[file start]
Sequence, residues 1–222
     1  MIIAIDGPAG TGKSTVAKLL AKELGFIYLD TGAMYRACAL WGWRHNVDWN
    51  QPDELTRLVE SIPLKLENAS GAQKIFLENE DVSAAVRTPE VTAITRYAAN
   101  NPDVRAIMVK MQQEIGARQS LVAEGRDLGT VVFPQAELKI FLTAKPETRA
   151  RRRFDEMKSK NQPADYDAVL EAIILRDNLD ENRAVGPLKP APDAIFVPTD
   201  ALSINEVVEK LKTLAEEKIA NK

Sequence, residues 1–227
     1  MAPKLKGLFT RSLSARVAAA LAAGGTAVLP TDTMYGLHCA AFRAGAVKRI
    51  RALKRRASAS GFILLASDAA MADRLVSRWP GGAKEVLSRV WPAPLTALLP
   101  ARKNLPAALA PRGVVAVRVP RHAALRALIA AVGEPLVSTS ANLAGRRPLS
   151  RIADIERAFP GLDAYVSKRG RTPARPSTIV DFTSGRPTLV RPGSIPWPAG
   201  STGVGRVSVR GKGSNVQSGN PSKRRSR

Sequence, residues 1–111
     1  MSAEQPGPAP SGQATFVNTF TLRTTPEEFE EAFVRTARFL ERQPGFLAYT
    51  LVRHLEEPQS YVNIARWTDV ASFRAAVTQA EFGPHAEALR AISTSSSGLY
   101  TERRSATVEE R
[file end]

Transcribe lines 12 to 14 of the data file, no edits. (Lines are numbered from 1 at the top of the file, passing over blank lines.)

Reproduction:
   201  STGVGRVSVR GKGSNVQSGN PSKRRSR

Sequence, residues 1–111
     1  MSAEQPGPAP SGQATFVNTF TLRTTPEEFE EAFVRTARFL ERQPGFLAYT